Caixin
Aug 28, 2018 05:50 AM
FINANCE

China Construction Bank Sells 27 Rural Banks

Rural banks have thrived across China since 2007 as part of the government’s plan to promote financial inclusion. Photo: VCG
Rural banks have thrived across China since 2007 as part of the government’s plan to promote financial inclusion. Photo: VCG

China Construction Bank (CCB), one the big four Chinese state-owned banks, sold 27 rural banks to Bank of China (BOC), making BOC the biggest owner of village banks in the country.

Bank of China, also one of the big four, bought the 27 rural banks for 1.6 billion yuan ($240 million), offering a slight premium on the listing price of 1.57 billion yuan.

In April 2017, BOC bought 15 other rural banks from policy lender China Development Bank for 978 million yuan, nearly 20% less than the seller’s asking price. The deal gave BOC the country’s largest banking network penetrating into the vast rural areas.

Rural banks, with business mainly covering villages or townships, have thrived across China since 2007 as part of Chinese government’s plan to promote financial inclusion. Since then, CCB invested a total of 1.4 billion in creating the 27 rural banks.

But after 10 years of development, the banks’ contribution to the parent’s bottom line was minimal. As of the end of 2017, the 27 rural banks had a total net profit of 281 million yuan, or just a 10th of a percent of the parent bank’s total net profit of 243.6 billion yuan.

While BOC has designated rural banks as its core approach to expanding financial inclusion, CCB has never specified a role for rural banks in its financial inclusion strategy. Instead, CCB has emphasized the use of financial technology for the underserved rural segment.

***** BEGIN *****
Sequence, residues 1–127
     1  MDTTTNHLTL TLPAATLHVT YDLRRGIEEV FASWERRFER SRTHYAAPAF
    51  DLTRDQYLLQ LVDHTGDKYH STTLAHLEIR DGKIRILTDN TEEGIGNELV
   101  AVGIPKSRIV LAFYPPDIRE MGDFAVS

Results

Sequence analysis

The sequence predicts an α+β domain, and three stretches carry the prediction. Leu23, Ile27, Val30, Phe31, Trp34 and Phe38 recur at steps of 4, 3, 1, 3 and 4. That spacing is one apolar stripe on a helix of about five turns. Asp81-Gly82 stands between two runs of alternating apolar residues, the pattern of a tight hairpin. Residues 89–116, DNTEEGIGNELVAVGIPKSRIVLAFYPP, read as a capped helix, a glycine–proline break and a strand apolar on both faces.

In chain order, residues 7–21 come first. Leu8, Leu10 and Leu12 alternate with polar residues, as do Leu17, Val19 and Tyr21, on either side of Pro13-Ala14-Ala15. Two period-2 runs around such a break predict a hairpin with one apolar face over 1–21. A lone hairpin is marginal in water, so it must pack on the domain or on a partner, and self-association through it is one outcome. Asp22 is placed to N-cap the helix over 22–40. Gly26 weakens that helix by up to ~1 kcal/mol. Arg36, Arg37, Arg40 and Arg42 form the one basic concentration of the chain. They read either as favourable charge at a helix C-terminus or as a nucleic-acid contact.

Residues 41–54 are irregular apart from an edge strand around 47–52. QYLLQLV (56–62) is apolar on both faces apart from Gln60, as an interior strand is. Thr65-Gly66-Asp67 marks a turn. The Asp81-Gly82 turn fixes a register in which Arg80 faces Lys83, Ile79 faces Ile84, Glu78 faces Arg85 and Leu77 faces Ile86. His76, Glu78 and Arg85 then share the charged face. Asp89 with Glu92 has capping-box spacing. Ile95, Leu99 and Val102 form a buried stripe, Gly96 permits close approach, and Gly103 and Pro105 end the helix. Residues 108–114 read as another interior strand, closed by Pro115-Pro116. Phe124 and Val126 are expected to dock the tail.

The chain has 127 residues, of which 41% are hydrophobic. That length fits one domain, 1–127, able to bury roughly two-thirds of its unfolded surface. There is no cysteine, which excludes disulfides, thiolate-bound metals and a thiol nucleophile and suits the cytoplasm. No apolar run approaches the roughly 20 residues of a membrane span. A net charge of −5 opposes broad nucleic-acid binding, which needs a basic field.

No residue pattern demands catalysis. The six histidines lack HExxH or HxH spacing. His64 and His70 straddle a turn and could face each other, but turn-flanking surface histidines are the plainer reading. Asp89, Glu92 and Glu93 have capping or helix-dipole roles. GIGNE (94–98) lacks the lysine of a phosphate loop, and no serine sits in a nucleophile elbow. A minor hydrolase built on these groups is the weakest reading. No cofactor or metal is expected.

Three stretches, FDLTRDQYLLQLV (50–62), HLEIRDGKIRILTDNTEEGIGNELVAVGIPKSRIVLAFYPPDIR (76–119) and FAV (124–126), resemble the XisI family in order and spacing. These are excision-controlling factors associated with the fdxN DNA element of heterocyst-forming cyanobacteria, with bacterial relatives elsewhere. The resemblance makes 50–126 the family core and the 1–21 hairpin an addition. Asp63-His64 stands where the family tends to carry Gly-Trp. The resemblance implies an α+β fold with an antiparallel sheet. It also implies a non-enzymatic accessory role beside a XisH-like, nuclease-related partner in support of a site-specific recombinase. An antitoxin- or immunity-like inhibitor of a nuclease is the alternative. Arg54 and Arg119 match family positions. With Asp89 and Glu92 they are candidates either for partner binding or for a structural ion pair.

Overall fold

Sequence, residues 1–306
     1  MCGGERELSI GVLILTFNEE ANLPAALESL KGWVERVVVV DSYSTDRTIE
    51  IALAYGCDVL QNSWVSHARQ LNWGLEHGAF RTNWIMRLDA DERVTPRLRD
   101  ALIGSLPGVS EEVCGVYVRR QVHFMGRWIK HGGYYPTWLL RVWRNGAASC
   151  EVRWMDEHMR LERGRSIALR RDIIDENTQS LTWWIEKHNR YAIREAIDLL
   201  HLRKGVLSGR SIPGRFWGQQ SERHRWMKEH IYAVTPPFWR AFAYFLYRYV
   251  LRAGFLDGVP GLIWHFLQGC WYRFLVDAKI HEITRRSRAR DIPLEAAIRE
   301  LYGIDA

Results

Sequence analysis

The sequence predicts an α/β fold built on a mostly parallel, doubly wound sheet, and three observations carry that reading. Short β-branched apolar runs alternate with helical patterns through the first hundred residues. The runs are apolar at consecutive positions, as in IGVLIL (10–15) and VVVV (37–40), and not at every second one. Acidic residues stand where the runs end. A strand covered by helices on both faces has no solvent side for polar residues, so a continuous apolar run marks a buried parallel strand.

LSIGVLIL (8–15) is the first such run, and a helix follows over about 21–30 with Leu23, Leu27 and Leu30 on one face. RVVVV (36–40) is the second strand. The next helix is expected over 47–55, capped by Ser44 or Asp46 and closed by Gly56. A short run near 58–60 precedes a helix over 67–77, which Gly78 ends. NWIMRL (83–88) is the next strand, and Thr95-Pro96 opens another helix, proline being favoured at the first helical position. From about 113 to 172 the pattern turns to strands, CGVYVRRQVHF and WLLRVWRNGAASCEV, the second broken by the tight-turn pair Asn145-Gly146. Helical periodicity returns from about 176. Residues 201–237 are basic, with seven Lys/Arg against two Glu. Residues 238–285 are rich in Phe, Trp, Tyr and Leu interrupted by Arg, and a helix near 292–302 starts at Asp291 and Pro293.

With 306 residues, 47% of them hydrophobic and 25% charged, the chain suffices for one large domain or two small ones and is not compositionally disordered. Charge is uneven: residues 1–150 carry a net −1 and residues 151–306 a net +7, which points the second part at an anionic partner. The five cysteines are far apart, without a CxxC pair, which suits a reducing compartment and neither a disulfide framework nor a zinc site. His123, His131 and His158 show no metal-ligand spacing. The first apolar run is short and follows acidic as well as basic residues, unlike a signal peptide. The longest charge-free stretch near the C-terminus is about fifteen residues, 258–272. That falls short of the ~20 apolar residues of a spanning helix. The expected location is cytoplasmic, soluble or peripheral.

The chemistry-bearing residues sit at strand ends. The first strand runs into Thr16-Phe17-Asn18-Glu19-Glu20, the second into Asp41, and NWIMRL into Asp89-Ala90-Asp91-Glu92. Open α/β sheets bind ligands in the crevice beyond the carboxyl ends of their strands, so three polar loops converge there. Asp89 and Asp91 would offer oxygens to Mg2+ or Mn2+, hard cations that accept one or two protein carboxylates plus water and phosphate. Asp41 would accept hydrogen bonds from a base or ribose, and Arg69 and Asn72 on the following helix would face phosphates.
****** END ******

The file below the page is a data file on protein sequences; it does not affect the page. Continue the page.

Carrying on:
CCB listed the 27 rural banks on the Beijing Financial Assets Exchange in late June seeking potential bidders. It stipulated that the buyer would have to acquire the 27 banks all together. The seller also set 13 additional buyer requirements, such as total assets of no less than 1 trillion yuan and ownership of at least 20 rural banks as of June 30, 2017. The requirements made BOC the only eligible potential buyer.

In 2011, BOC set up a joint venture with Fullerton Financial Holdings, owned by the Singapore state investment firm Temasek, to establish a network of rural banks in China.

As of the end of 2017, BOC Fullerton had 97 rural banks, including the 15 banks acquired from China Development Bank, with a total net profit of 457 million yuan in 2017.

Rural banks’ profitability could vary significantly. Among the 15 banks bought from China Development Bank, eight had net losses in 2016. Caixin has learned that some profitable rural banks could have an annual return on equity as high as 30%.

BOC Fullerton Chairman Wang Xiaoming told Caixin that the company has patience with the development of rural banks.

“Bank of China doesn’t expect the rural banks to provide an immediate return,” Wang said. He said he expected the acquisition to hurt the parent bank’s financial results, but “the parent is big enough to absorb.”


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